Having considered all the circumstances above, the Panel determines under paragraph 11(a) of the Rules that the language of this proceeding is English. The Panel would have accepted a Response in Chinese, but none was filed.
6.2 Substantive Issues

Paragraph 4(a) of the Policy provides that a complainant must prove each of the following elements with respect to the disputed domain name:

(i) the disputed domain name is identical or confusingly similar to a trademark or service mark in which the complainant has rights; and

(ii) the respondent has no rights or legitimate interests in respect of the disputed domain name; and

(iii) the disputed domain name has been registered and is being used in bad faith.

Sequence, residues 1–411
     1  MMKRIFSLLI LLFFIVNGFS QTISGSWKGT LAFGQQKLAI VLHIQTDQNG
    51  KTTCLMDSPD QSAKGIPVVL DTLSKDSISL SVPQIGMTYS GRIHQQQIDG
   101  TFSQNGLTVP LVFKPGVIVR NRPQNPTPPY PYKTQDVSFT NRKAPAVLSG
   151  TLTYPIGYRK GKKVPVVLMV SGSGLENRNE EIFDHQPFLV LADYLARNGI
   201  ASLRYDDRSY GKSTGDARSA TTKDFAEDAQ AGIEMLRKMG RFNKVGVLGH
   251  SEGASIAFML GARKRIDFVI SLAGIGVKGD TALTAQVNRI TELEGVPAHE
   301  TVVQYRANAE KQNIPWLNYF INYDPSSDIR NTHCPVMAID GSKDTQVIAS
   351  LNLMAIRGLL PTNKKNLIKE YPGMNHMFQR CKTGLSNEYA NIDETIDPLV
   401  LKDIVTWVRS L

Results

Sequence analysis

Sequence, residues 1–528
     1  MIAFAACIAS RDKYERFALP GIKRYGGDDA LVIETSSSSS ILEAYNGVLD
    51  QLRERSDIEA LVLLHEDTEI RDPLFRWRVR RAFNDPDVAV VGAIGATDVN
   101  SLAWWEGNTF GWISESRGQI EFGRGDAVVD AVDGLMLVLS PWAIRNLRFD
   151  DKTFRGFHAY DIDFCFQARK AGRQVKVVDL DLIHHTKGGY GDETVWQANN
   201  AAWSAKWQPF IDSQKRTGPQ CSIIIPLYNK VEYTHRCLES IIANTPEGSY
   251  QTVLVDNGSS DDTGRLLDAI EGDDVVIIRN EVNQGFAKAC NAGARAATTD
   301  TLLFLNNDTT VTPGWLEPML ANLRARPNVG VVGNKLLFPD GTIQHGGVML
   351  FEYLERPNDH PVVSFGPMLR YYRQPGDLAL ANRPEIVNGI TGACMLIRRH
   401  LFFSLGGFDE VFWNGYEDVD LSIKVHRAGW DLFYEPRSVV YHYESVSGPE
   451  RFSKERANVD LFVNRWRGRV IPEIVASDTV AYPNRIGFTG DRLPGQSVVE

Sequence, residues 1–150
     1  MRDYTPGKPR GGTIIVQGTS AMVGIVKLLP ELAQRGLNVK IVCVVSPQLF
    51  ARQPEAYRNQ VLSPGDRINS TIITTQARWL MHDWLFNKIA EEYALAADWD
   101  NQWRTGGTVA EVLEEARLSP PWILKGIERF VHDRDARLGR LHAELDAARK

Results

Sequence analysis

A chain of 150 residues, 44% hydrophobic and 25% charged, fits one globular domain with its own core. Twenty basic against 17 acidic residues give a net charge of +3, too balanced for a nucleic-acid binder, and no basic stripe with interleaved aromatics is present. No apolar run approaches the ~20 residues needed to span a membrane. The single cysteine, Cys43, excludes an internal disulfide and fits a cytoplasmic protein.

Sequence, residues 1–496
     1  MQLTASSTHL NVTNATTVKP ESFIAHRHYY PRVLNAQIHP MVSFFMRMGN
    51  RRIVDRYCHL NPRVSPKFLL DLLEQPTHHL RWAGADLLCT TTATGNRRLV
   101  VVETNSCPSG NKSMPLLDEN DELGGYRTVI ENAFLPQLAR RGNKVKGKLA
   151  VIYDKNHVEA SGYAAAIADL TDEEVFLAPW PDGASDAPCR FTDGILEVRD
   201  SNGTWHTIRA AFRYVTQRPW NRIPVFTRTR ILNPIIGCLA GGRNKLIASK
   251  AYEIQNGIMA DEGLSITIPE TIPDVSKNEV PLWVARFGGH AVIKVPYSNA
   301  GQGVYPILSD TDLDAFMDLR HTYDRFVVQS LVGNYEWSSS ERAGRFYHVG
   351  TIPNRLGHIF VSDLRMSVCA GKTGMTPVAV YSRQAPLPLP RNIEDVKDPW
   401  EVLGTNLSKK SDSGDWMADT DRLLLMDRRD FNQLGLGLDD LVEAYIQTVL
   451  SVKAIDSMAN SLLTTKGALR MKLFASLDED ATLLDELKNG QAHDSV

A. Identical or Confusingly Similar

Based on the evidence presented, the Panel finds that the Complainant has rights in the LOVEPOP mark.

The disputed domain name incorporates one of the two morphemes in the LOVEPOP mark (i.e., “POP”). The initial morpheme of the disputed domain name is “lucky” whereas the initial morpheme of the mark is “LOVE”. Phonetically, both initial morphemes begin with the same consonant-vowel combination: /lʌ/.1 As a result, the disputed domain name incorporates all but one of the phonemes in the LOVEPOP mark, the exception being the consonant /v/, where the disputed domain name contains the syllable /kɪ/.

The disputed domain name adds the word “cards” but, as a mere descriptive term, this element does not prevent a finding of confusing similarity between the disputed domain name and the Complainant’s mark. See WIPO Overview of WIPO Panel Views on Selected UDRP Questions, Third Edition (“WIPO Overview 3.0”), section 1.8.